Palestinians start new businesses despite threat of Israeli attack on Rafah

Baker and dessert shop owner tell The National they must support their families and help fellow Palestinians, regardless of what lies ahead

Flatbread at a bakery in Gaza city. Bakers are among those who have fled south to Rafah, starting up their businesses there. AFP
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Resilient Palestinians are starting new businesses in Gaza's southern city of Rafah – despite the threat of an Israeli ground assault looming over them.

A dessert shop owner and baker, who both fled Israeli attacks on northern Gaza, told The National on Thursday that they are starting afresh to support their families and help fellow Palestinians.

More than 1.3 million Palestinians have sought sanctuary in Rafah from the Israeli onslaught further north. The city at the border with Egypt was home to about 300,000 people before the Israel-Gaza war.

Israel's leaders have vowed to attack the packed city, despite the US, EU and regional governments warning that the civilian death toll would be huge.

“We keep hearing about the threats of invasion in Rafah, but if we continue to wait for what they plan, we will not make any progress. We will only face more destruction and loss of hope,” said Ahmad Al Khalidi, 50, who a month ago opened a dessert shop in the city.

“I moved my family out of Rafah, but I still run my business there. We live under stress and constantly follow the news.”

Gazans fear 'massacres' if Israel invades Rafah

Gazans fear 'massacres' if Israel invades Rafah

Gazans have no stability, he said, adding that he was considering buying a solar system to power his business, but is undecided due to the possible Israeli ground attack.

Abu Ibrahim Mattar, 62, opened a bakery in the city and is determined to carry on producing bread, brushing aside Israeli threats of a new offensive.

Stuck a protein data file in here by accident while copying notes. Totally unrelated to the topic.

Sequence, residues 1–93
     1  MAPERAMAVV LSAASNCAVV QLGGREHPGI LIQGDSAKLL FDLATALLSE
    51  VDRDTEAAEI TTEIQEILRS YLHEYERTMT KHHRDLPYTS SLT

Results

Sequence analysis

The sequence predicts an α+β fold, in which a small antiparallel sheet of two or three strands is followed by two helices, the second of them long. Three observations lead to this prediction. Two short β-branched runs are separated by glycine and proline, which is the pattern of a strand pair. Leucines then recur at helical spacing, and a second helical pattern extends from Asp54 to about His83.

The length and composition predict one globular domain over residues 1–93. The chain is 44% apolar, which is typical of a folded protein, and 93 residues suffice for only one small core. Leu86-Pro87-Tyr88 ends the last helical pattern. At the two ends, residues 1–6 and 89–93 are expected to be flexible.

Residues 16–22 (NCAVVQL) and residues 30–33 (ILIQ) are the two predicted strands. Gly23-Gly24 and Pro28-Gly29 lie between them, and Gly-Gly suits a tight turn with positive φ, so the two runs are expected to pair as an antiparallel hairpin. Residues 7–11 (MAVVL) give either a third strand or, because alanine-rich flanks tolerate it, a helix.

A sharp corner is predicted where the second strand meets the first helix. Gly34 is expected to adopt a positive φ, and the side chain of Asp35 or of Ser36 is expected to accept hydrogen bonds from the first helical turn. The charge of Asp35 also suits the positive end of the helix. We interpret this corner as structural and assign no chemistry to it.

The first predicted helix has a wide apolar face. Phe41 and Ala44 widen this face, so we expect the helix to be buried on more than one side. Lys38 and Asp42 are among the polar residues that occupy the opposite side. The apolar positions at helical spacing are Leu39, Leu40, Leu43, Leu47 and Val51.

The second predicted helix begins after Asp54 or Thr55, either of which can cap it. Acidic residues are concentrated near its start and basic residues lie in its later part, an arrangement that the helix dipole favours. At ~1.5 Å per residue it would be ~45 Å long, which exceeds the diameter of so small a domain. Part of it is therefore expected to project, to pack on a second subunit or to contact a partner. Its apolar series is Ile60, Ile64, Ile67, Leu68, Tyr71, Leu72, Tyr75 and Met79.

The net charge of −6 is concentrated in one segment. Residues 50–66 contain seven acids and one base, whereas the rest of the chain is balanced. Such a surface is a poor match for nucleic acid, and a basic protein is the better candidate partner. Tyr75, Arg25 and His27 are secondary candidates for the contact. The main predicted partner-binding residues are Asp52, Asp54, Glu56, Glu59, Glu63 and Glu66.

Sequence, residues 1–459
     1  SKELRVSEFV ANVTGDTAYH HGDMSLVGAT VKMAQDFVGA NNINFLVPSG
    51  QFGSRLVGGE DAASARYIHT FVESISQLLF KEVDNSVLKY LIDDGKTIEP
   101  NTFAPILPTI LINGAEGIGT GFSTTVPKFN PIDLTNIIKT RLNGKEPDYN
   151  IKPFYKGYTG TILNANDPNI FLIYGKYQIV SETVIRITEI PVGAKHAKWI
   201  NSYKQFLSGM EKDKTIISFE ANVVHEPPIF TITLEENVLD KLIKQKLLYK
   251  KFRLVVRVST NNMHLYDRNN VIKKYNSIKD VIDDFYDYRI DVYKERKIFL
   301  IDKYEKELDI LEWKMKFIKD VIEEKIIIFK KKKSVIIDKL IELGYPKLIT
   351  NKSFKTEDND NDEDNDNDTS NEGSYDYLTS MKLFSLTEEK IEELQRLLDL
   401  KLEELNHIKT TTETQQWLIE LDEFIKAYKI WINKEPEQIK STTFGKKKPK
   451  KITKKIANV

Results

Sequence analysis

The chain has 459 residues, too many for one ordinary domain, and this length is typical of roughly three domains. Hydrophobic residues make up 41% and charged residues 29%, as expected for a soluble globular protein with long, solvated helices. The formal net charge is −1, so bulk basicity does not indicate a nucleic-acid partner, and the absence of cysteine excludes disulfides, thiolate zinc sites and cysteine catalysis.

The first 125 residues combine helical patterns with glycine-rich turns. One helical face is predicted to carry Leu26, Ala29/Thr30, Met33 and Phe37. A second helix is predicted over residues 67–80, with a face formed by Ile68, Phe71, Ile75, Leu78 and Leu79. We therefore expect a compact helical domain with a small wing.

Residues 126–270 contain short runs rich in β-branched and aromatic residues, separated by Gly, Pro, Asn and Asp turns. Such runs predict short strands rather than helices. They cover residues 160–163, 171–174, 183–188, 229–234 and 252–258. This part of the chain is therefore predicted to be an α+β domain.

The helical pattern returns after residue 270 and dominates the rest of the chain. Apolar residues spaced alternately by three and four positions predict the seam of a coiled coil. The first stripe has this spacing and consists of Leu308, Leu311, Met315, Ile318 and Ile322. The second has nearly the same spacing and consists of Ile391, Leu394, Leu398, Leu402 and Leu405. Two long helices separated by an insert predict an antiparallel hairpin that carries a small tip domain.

“I will continue working and serving my nation here in Rafah, even if the Israeli army invades Rafah and I lose my new project,” Mr Mattar told The National.

He fled Gaza city when he lost his bakery there to Israeli shelling.

“The project cost me a lot to start up, as we are working with simple tools and lacking many basic elements,” said Mr Mattar.

However, people “want to continue living, it's been six months, and we are waiting for the war to stop so we can return to our homes in Gaza city”, he added. “We still have nothing.”

Widespread destruction

The extent of the destruction across Gaza was highlighted by Unicef’s James Elder, who said in a video from Khan Younis on Thursday that approximately two thirds of homes in the enclave had been destroyed.

Estimates earlier this month put the number between 50 and 70 per cent.

Mr Elder said that many Gazans’ “ultimate dream” of owning a family home had been “turned into a nightmare”.

“How do these people start again?” he asked rhetorically.

Experts have predicted the reconstruction of the strip will be a monumental task that will take many years and billions of dollars.

Reconstruction cannot begin without a ceasefire, but talks for a truce have stalled.

Even then, any serious long-term reconstruction will require political stability and huge international investment.

In the meantime, Israel has continued to conduct near-daily air strikes on Gaza, where there are still shortages of food and other essential goods.

Earlier this week, the UN launched an urgent appeal to provide aid for three million Palestinians, the majority of them in Gaza.

The UN is appealing for $2.8 billion for food, sanitation, water and health facilities in the devastated enclave.

Addressing the UN Security Council on Thursday, UN Secretary General Antonio Guterres described Gaza as a “humanitarian hellscape” as he yet again called for a ceasefire.

“Our aid operations are barely functional. They cannot operate in an organised, systematic way; they can only seize opportunities to deliver aid whenever and wherever possible,” he said.

More than 33,900 Palestinians have been killed and more than 76,770 have been injured since Israel launched strikes and a ground offensive in Gaza more than six months ago, the Gaza Health Ministry reported on Thursday. Most of the casualties have been women and children.

Back in Rafah, Mohammed Attia, 40, hopes that Israeli threats to invade the city prove false.

“The situation is very difficult for everyone,” he told The National. “Rafah is already a small town and cannot accommodate one million displaced people, so if they want to move people, where are they supposed to go?

“Rafah is the only lifeline remaining for the people”.

Updated: April 18, 2024, 5:03 PM